third author to be reprinted later this year with his new imprint, Furrowed Middlebrow Books, & I'm very excited. Frances Faviell's A Chelsea Concerto is Scott's favourite WWII memoir & I've wanted to read it for ages. It's mentioned or quoted in many books about the Home Front & I love a Home Front memoir so this will be a real treat, especially with an Introduction by Virginia Nicholson, author of Millions Like Us. Scott will also be reprinting Faviell's other memoir about life in Berlin after the War, The Dancing Bear, as well as her three novels.
It's sad that a reappraisal of an author's work often has to wait until after their death. Anita Brookner has always been appreciated by a discerning audience (I have a friend who has read them all) but her reputation had declined a little. I think only her most famous novel, the Booker Prize winning Hotel du Lac, was in print when she died in March. Penguin had announced plans to reprint all her books & have now brought the program forward so all her books will be back in print in the UK by the end of the year. The covers are just gorgeous, so elegant, very Anita Brookner, I think. Here is a lovely tribute to Brookner by Julian Barnes & if you'd like to know which Brookner to read first, Thomas at Hogglestock, currently rereading all her novels, will guide you.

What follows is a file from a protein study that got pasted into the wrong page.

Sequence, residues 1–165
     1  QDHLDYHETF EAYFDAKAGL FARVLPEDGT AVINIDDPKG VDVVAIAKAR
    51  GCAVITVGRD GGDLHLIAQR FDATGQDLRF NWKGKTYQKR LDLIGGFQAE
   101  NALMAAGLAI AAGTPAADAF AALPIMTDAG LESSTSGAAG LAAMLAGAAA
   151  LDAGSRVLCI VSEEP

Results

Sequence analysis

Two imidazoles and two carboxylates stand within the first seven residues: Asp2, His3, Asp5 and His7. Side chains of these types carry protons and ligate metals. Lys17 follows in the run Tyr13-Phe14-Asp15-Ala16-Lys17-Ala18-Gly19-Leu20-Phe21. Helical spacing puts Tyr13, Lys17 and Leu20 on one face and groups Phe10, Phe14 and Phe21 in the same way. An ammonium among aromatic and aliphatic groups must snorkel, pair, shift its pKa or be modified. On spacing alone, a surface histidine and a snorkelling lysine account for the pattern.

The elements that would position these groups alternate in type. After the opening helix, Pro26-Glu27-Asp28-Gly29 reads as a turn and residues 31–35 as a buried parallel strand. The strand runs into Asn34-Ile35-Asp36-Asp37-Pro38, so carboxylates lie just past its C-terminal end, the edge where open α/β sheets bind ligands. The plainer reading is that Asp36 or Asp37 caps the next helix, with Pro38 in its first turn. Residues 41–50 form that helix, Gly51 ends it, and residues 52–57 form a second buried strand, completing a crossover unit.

Jefferson Farjeon will be pleased to hear that Harper Collins are planning to
reprint his Ben the Tramp
novels later this year. I think it's encouraging that other publishers
are jumping on the Golden Age bandwagon & resurrecting more writers
of that era.
In October, Random House are publishing Georgette Heyer's short stories in Snowdrift and other stories. This is a reprint of the collection Pistols for Two with the addition of three newly discovered stories. As I haven't read any of Heyer's short stories, I'm looking forward to this.
Kathryn Hughes has inspired me to think that George Eliot's novel, Felix Holt, might be a fascinating read after all! I love Eliot & Middlemarch is one of my favourite books but Felix & Romola have never appealed to me very much. I have this ancient copy on the tbr shelves so I may read it this year to celebrate the 150th anniversary of its publication.